Cascade Locks firefighters torch three derelict homes

Smoke billowed over Cascade Locks on Saturday morning while the Cascade Locks Fire Department conducted a “burn and learn” exercise.

Three dilapidated houses at the corner of Regulator and Moody streets were set ablaze for the training drill. Fire Chief Mike Renault said the controlled burn gave 17 volunteer firefighters — especially five new recruits —a rare opportunity to gain hands-on experience.

“Cascade Locks only has a structure fire once every five years so when we can do this, we can sign off on a lot of certification skills,” Renault said.

Last fall, the city approached Douglas Jenson, the owner of the buildings, about using them for a live fire training. The aging dwellings had fallen into disrepair and had a long history of being inhabited by drug users and dealers.

Jenson, a Portland resident, not only agreed to the destruction of the structures, but paid for the disposal of interior debris and furniture prior to the burn. City Ordinance Enforcement Officer Kevin Dean coordinated the effort to clean out the houses, utilizing youth community service crews from both Multnomah and Hood River counties.

Because of their proximity to neighboring properties, two of the buildings were flattened and piled on the central blaze in the house at the junction of the two streets. In addition to observing the fire behavior, Cascade Locks personnel practiced breaching walls and ceilings, rescuing victims and applying varied techniques for containing and extinguishing flames.

Renault credits greater public awareness about fire danger for lowered call rates in recent years. He said city officials have taken an active role in educating citizens on simple steps they can take to prevent both house and wildfires.

“Public education makes a lot of difference,” Renault said.

After the morning exercise was completed, Cascade Locks Interested in Kids, the local drug prevention agency, celebrated the elimination of the problem homes by hosting a free community hot dog feed.

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Parkdale third graders sing "12 Disaster Days of Christmas"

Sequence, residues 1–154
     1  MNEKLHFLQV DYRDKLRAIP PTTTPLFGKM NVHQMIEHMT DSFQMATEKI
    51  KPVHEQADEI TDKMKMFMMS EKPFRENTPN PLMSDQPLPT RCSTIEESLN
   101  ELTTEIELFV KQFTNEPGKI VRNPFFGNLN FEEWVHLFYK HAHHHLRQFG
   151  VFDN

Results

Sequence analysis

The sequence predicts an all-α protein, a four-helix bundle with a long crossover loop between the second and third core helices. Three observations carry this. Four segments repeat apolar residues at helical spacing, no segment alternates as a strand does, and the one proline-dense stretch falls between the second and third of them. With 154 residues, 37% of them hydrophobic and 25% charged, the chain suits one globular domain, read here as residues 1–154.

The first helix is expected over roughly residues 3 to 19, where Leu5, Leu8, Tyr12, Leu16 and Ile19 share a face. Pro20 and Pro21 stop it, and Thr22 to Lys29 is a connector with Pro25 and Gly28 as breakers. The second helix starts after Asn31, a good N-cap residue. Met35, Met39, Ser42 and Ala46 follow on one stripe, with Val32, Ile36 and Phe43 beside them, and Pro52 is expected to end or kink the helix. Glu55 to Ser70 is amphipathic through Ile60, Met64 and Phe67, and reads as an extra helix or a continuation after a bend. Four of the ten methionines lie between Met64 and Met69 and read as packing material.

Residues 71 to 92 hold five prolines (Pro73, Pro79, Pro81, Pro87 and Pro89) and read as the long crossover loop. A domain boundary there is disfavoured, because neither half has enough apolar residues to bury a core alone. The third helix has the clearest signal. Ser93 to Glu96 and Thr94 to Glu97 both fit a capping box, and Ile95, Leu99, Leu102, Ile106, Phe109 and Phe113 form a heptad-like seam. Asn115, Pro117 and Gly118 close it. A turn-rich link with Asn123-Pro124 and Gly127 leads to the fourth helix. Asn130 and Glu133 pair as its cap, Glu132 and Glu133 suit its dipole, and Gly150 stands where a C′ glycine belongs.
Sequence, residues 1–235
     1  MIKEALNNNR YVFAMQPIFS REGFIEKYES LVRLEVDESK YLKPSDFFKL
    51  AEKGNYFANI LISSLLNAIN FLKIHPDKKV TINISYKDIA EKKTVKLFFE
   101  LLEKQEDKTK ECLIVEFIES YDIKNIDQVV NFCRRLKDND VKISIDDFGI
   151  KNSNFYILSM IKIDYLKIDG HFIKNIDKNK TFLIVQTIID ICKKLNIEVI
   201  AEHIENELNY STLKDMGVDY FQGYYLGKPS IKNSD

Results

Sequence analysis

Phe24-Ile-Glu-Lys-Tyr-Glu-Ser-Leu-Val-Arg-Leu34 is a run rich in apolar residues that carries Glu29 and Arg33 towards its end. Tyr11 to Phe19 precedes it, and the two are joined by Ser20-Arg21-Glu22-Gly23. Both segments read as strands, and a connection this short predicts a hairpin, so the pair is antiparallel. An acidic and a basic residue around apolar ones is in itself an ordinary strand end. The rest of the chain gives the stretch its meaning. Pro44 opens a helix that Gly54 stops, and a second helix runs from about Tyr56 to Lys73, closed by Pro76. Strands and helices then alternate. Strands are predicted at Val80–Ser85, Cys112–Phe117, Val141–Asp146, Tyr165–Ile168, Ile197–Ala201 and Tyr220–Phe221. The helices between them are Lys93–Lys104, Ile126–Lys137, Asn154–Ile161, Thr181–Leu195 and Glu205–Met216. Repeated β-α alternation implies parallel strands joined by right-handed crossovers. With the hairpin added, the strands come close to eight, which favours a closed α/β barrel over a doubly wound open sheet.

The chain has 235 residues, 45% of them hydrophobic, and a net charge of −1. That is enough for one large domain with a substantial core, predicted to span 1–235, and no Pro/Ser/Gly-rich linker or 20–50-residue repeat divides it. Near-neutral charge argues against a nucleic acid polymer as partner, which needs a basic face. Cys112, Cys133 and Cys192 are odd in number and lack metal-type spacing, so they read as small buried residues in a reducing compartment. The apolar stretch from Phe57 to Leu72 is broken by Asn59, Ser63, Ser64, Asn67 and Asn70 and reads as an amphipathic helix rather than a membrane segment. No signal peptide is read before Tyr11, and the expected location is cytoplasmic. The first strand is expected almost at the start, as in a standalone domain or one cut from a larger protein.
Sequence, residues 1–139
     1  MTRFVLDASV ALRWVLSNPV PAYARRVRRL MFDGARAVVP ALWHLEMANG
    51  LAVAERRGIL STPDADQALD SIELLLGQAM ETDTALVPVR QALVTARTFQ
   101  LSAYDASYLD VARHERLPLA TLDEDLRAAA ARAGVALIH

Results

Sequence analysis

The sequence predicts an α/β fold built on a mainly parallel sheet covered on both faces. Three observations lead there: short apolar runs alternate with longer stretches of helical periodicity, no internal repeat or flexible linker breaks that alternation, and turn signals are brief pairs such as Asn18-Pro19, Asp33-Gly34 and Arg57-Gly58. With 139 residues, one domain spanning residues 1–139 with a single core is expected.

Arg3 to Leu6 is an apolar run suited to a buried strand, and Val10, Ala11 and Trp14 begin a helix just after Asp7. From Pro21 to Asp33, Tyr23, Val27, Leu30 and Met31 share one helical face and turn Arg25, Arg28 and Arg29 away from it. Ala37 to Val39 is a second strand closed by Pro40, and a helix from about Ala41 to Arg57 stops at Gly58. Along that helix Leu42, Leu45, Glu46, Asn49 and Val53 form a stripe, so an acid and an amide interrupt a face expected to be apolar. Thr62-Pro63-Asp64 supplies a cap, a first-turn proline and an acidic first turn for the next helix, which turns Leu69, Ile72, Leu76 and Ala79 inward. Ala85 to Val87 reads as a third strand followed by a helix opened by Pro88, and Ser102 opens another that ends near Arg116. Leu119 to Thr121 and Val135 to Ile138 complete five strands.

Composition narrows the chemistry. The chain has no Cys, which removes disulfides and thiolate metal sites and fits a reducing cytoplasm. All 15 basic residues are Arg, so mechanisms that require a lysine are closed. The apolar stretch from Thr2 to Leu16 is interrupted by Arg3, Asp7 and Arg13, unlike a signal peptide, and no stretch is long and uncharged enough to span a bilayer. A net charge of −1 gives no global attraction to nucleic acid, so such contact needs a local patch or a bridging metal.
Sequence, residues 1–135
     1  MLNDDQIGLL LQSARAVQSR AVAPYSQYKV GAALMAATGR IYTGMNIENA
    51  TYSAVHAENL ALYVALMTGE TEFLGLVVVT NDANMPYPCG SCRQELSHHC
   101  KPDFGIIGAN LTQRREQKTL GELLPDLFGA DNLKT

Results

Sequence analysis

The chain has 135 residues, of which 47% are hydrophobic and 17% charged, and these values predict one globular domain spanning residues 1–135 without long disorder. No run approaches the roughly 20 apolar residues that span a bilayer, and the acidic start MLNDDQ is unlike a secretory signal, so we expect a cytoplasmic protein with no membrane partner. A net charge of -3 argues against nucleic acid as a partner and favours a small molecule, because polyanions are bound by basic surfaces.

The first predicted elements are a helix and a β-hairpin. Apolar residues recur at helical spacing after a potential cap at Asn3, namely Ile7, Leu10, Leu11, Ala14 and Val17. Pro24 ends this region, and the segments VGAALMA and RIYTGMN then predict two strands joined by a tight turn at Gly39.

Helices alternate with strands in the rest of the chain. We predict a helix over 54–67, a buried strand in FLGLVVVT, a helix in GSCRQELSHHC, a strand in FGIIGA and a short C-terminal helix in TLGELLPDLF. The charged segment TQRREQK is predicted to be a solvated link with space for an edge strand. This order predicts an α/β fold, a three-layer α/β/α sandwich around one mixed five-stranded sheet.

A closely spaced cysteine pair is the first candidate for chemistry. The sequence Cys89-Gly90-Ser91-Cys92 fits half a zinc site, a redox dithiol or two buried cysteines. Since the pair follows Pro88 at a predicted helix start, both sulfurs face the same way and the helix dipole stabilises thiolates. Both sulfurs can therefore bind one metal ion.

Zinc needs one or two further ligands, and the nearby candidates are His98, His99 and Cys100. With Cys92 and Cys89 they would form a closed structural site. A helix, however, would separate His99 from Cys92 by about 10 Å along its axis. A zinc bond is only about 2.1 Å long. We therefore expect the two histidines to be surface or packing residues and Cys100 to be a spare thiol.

Welcome to your sing-able Christmas gift list. What follows is an emergency rendition of “12 Days of Christmas” – for outfitting your home or car in case of snow storm, earthquake, flood or other emergency. Read it as a simple list, or sing it to the tune of “12 Days” – you know, as in “ … and a partridge in a pear tree…” Not to make light of it, but the song is a familiar framework for a set of gift ideas that you could consider gathering together, even if the recipient already owns items such as a bunch of coats, tire chains and flashlights. Stores throughout the Gorge are stocked up on all these items. Buying all 12 days might be prohibitive, but here are three ideas for checking any of the dozen off your list (notations follow, 1-12.) The gift items needed to stay warm, dry and safe are also coded to suggest items in your abode (A) in your car (C) or both (B). 12 Gallons of Water (A) 11 Family meals (B) 10 Cans of propane (A) 9 Hygiene bags (B) 8 Packs of batteries (A) 7 Spare coats (B) 6 Bright red flares (C) 5 Cozy blankets (B) 4 Tire chains (C) 3 Flashlights (B) 2 cell phone chargers (B) 1 And a crush-proof first aid kit (B) Price ranges? Here’s a few quotes for days Three, Two, Four and Nine: n A family gift of flashlights (three will run $15-30, Hood River Supply, Tum-A-Lum) n Cell phone chargers (two will run $30-60) n Tire chains (basic set, $30, Les Schwab, returnable if unused for the winter) n Family meals ($100 or so should cover the basics for three or four reasonably well-fed days) n The home kit should be kept in a handy place near an exit, and remember that water needs to be replenished every few months. If you have a solid first aid kit already, switch out the gift idea with “and-a-sto-o-u-t- tub-for it-all …” Otherwise, it’s a case of assembling your home or car kits and making sure all members of the family know what the resources are and how to use them (ie flares and propane). Emergency situations are at worst life-threatening, at best deeply uncomfortable if you and your family are left without power for an extended period, or traveling and find yourself in a situation where you need to wait out a storm, lengthy traffic delay, or other crisis. Notes on the 12 gift ideas: 12 – Gallons of water: that’s one per person in a four-member family to last for three days, the recommended minimum to be prepared for utility outages. 11 – Easy-open packaged goods, energy bars, dried food and nuts are good things to include for nutrition. Think of what your family of four needs for three days to stay fortified and hydrated (see number 12). Can-opener also recommended 10 – If you have a propane camping stove, keep extra fuel handy. 9 – Hygiene bags: put packaged moistened towelettes, toilet paper, and plastic ties in large garbage bags (for personal sanitation) Resource list courtesy of Hood River County Emergency Management, Barbara Ayers, manager/ 541-386-1213. The county also reminds residents to Get a Kit, Make A Plan to connect your family if separated, and Stay Informed. See to opt-in for citizen alerts. Enlarge

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